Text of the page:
Case in point: recent work by a team of collaborators hailing from a staggering 13 institutions from around the globe. The researchers studied the efficacy of proposed techniques to reduce tropospheric ozone and black carbon (BC) emissions in the atmosphere. As discussed previously in another recent Anthrophysis post, stratospheric ozone helps protect us from the sun's harmful rays, but trophospheric ozone--levels of which are greatly increased by anthropogenic pollutants such as methane--can have negative impacts on the health of humans and agricultural crops. Black carbon, on the other hand, is pure carbon that results from incomplete combustion associated with vehicles, stoves, and kilns, to name but a few sources.
(Where ozone should be--the stratosphere--and where it is often found as a result of anthropogenic pollution--the troposphere).
A number of strategies have been proposed to reduce both ozone and BC pollution. In the first part of their study, the researchers sifted through approximately 400 management proposals in order to identify 14 (7 per pollutant) with the greatest benefits. This was achieved using computer models that utilized regional data on the success of already-implemented strategies to project the consequences of following these protocols over the long term. The models indicated that, in order to reduce ozone levels, managers should target methane emissions from coal mining, oil and gas production, long-distance gas transmission, management of both human and livestock waste, and rice paddies. BC emissions, on the other hand, could be minimized by regulating vehicles, stoves, kilns, waste-burning, and cooking/heating activities. Additional modeling revealed that policies that simultaneously target methane, BC, and carbon dioxide could limit global warming to <2 degrees Celsius over the next 60 years--a degree of success (no pun intended) not achieved by targeting any of those pollutants individually.
(Figure A is a microscope image of sulfates (the round particles) and black carbon (the chains identified by all the arrows). Figure B shows an enlarged view of black carbon, while figure C indicates "fly ash," a product of incomplete coal combustion that is often found in association with black coal.)
Next, the scientists shifted gears from a global perspective to a regional one, in order to model the potential climate impacts of the proposed management policies at national levels--an important step because this is the scale at which most regulations are selected and enforced. One of the most noticeable and widespread results of the measures was a reduction of albedo, or light reflection from the earth's surface. This would be especially noticeable over bright areas such as the Himalayas and the Arctic, and would reduce snow and ice melting. Another prominent pattern was a change in precipitation; this was predicted for southern Asia, western Africa, and Europe, where it would likely reduce the risk of drought. On average, these regulations could prevent approximately 0.5 degrees C of global warning by 2050.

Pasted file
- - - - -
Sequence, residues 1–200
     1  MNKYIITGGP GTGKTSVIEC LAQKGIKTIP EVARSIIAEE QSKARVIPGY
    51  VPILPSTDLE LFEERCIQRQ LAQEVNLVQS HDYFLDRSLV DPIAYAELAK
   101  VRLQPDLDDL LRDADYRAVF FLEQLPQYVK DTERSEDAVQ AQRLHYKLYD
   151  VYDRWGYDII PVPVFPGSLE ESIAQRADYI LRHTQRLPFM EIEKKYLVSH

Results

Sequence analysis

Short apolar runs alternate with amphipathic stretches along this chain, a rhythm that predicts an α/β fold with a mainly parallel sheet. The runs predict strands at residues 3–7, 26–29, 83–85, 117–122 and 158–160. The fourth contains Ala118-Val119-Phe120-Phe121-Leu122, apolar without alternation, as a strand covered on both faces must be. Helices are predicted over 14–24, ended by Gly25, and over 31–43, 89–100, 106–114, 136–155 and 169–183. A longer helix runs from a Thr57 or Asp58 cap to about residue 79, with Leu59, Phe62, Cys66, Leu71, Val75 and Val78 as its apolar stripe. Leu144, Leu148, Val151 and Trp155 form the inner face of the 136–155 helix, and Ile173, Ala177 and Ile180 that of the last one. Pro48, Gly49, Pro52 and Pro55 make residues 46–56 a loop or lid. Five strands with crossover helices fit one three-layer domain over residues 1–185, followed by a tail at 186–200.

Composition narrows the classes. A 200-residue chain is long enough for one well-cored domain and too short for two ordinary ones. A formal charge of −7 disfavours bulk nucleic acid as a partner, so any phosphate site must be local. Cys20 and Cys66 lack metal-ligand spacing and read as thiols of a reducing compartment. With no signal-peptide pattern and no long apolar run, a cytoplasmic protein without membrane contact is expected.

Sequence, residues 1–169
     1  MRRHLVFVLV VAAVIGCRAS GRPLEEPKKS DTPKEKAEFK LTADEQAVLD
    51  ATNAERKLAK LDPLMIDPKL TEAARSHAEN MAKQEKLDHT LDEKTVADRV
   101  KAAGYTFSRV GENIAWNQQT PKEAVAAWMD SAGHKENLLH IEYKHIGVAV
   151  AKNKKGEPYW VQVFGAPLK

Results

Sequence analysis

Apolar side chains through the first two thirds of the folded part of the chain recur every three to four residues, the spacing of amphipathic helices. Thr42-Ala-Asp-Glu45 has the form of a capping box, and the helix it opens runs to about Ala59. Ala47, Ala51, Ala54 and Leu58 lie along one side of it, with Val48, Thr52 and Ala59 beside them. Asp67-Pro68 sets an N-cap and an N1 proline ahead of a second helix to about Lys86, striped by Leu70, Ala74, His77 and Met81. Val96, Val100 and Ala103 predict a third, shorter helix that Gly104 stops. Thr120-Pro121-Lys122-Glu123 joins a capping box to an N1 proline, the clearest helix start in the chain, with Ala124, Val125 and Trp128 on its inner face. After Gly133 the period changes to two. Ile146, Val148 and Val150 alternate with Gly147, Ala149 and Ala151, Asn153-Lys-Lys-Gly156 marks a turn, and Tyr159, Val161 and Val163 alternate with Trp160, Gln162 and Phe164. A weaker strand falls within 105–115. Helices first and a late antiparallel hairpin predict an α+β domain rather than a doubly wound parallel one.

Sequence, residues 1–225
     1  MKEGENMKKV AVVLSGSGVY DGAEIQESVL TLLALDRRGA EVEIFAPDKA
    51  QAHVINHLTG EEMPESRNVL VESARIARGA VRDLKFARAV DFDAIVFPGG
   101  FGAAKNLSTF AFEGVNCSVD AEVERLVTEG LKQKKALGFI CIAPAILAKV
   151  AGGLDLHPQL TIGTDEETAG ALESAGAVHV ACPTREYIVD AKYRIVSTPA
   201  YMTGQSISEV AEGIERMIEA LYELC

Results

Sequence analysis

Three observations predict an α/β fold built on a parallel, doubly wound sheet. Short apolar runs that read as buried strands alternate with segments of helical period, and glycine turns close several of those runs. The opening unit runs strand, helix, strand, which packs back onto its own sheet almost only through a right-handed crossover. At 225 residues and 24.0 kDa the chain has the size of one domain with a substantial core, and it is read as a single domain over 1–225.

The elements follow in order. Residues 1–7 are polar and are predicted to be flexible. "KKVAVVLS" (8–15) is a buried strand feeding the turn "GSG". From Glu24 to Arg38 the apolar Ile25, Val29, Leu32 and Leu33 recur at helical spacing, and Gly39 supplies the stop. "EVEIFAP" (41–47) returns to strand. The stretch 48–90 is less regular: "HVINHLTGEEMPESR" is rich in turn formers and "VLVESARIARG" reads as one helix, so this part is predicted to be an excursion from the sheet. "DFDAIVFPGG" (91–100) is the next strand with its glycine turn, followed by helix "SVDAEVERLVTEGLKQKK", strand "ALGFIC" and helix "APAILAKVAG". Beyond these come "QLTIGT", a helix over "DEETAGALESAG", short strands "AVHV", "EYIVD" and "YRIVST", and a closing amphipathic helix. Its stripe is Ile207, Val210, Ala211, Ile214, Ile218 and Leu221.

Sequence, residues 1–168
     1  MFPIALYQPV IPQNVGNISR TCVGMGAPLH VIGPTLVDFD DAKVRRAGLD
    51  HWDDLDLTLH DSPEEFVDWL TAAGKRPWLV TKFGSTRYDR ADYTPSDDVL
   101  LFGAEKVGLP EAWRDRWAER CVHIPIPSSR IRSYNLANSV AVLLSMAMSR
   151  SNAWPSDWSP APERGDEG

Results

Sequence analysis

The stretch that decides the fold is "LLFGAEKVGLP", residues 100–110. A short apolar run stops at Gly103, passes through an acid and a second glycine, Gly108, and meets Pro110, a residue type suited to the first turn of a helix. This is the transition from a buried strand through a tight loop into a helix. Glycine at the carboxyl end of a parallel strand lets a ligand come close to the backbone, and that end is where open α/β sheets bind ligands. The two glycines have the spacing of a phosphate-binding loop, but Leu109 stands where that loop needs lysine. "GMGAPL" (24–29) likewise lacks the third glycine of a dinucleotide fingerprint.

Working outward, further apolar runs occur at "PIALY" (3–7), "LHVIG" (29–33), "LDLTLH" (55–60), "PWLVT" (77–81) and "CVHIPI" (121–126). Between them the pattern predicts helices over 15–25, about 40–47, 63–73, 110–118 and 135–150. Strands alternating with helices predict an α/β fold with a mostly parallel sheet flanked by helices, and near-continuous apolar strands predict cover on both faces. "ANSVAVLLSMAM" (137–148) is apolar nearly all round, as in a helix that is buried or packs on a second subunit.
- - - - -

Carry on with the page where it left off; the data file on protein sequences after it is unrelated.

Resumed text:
In the final portion of their study, the researchers estimated the economic benefits of ozone and BC regulation measures. Ozone-reducing policies aimed at reducing methane emissions could save $331 billion associated with climate impacts, $4.2 billion in crop impacts, and $148 in health impacts; BC policies could save $225 in climate impacts, $4 billion in crop impacts, and an impressive $5142 billion in health impacts--not to mention saving approximately 373,000 lives per year. The benefits of different emissions goals vary on a country-by-country basis. For instance, China stands to gain most from regulation of pollution associated with coal mining and municipal waste, while Central Africa, the Mid-East, and Russia would have the greatest results from regulation of oil and gas production. However, the benefit of avoided global warming was shared equally by all regions.
(The models in the current study indicate that the cryosphere would benefit most from BC regulations. Although the Himalayas and the Arctic were identified as areas where snow and ice melting would be particularly reduced as a result of decreases in albedo, many other countries have "cryospheric components" and thus would stand to gain from the stemming of BC emissions.)
Broadly speaking, ozone-reducing methane regulations achieve climate and agricultural improvements, while BC regulations are more helpful for climate, "cryosphere" maintenance (e.g., preservation of snow and ice), and human health; these patterns have consistently been predicted by multiple different models. Although ozone and BC policies are each useful individually, the authors stress that the greatest climate and economic benefits will derive from simultaneous implementation of both. Further, the scientists point out that these are "distinct from and complementary to carbon dioxide measures," and so a thorough emissions-reducing plan should target all three pollutants.
Shindell, D., Kuylenstierna, J.C.I., Vignati, E., van Dingenen, R., Amann, M., Klimont, Z., Anenberg, S.C., Muller, N., Janssens-Maenhout, G., Raes, F., Schwartz, J., Faluvegi, G., Pozzoli, L., Kupiainen, K., Hoglund-Isaksson, L., Emberson, L., Streets, D., Ramanathan, V., Hicks, K., Oanh, N.T.K., Milly, G., Williams, M., Demkine, V., and Fowler, D. 2012. Simultaneously mitigating near-term climate change and improving human health and food security. Science 335: 183-189.
Thanks to the following webpages for providing the images used in this post: